In Dr. Lillian's longer post she warns against the danger of "self-made" religion. And while I think her real and bigger point is again about the importance of being in community and the transformative growth that comes from sticking to a discipline and practice, while resisting the temptation to only do what "feels good," I think the point is once again too easily dismissive of a greater sensitivity to the faith formation process.
If you read my previous blog post, you'll remember I made the point that all religions are self-made. Meaning that they all follow a personal revelation by one person. I brought this point forward on Dr. Lillian's blog to see what kind of comments it would draw and hoped for a deeper dialogue. Instead, this is what I got....
Um, ok...few questions then.... Which religion are your referring to? Christianity? Because Paul had a lot more to do with that than Jesus - at least in the formalizing religion part...and which Church? Catholic, Lutheran, Baptist, Pentecostal? Or one of the other 100+ varieties I don't have time to mention?
While it's tempting for me to dismiss the simplistic naiveté of this persons comments, it only drew me deeper down the rabbit hole of this entire concept.
So let's establish the basics again. From the work of Theologian Paul Tillich:
Revelation is Gods attempt to reach manSo once again it stands to reason that ALL religion are self-made. They all came from a personal revelation of one person. Jesus, Moses, Krishna, Buddha, Muhammad, Joseph Smith, Baha'ula...
Religion is man's attempt to reach God.
Revelation is always personal never universal.
Each of these individuals (and may others) had a profound personal experience with God, a personal revelation. They shared that revelation with others who then, having been inspired by the revelation sought to touch the wisdom of the insights - by creating rituals, cultural practices, religious rules and observations etc. These things in turn became "The Religion"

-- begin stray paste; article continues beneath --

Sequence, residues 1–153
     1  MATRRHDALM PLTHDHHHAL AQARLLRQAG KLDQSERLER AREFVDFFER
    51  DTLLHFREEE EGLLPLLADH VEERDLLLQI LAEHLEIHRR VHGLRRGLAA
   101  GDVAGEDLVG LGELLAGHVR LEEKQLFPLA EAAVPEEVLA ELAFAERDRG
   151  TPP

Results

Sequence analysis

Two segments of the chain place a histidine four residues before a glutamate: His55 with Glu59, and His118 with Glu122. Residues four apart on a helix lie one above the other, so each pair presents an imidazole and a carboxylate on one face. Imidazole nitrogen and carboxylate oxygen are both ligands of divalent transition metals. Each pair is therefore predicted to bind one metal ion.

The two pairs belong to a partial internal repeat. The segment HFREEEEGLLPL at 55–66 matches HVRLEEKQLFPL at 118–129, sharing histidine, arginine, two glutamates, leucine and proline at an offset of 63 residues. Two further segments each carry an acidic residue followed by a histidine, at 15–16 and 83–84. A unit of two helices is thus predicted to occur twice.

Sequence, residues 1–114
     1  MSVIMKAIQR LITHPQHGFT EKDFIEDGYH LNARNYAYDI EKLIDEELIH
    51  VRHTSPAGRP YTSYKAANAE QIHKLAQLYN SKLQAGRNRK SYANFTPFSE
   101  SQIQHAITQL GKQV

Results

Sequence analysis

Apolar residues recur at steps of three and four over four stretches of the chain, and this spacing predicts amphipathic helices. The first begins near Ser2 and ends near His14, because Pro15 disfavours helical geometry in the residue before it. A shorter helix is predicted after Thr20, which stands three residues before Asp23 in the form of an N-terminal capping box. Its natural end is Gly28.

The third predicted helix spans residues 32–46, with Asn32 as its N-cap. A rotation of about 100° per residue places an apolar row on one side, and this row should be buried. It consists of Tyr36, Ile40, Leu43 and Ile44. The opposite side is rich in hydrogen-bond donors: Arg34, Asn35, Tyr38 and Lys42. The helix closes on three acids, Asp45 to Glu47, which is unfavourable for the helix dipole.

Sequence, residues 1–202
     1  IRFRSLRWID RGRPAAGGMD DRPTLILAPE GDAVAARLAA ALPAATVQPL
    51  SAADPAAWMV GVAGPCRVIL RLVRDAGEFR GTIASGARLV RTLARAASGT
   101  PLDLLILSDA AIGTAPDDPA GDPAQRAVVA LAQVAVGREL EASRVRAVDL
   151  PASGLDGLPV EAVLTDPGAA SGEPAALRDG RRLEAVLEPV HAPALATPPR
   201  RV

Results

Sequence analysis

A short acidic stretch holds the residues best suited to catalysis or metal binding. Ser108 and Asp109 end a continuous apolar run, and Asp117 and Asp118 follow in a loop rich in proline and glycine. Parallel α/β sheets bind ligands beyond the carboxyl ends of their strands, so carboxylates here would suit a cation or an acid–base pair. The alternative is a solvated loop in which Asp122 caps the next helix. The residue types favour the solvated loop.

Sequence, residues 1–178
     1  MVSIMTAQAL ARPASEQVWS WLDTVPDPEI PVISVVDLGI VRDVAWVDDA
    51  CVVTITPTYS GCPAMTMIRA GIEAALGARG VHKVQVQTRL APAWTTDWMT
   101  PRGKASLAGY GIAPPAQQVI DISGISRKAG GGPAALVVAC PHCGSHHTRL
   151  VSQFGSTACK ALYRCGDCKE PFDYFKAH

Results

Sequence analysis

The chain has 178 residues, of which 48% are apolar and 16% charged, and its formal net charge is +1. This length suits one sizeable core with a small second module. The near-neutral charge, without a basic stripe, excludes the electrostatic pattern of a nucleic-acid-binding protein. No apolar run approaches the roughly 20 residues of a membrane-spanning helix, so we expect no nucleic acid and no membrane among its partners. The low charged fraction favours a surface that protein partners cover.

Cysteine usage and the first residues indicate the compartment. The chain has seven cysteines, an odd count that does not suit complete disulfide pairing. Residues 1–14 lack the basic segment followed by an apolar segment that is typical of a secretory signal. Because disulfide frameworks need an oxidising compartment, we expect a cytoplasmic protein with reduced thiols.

Of course the point that Dr. Lillian is trying to make is that there is real value in being steeped in a tradition, ritual and practice - that you did not invent, that you stick to it and don't just throw it out or replace it when it seems to not work, feel good, convenient or comfortable. I get that. And I agree. Which when I reflected on it further - discovered that this point leads you to yet another way that all religions are ultimately "self-made."
If you are steeped in an ancient tradition, doing thing the way they have been done for eons...because it was how you were raised, what works for you, or what you believe is more "right" than anything else.... there is something magical that happens at some point on your journey. There is a flash, a moment of insight, an "Ah-ha!" and Eureka! Moment where suddenly it becomes clear to you. Suddenly that which you have been doing as routine, gains new life and meaning to you. This is the moment of self-discovery, whereby you discover for yourself, the meaning behind that which others (or your tradition) has told you was meaningful. In this great awakening you don't need others to tell you how valuable it is, because you know - first hand!
This is what Brazilian educator Paulo Freire described as the re-learning moment, when the student learns something by re-learning it in their own mind. Paulo noted that this is the only moment in which real learning occurs, everything else is just regurgitation of someone else's knowledge - not our own. We are not "blank slates" to be filled with knowledge and value as determined by others, but rather co-creators of our world through the engagement of our mind in self-learning and self-knowledge.
And so, as you practice your religion of choice and do all the things that you are suppose to do as a good member of that religion - be mindful that one day, it will take on new and profound significants for you, it will become more real to you than it ever has been, and in that beautiful ecstatic moment, your religion has become self-made. And that, my friends, is a beautiful thing!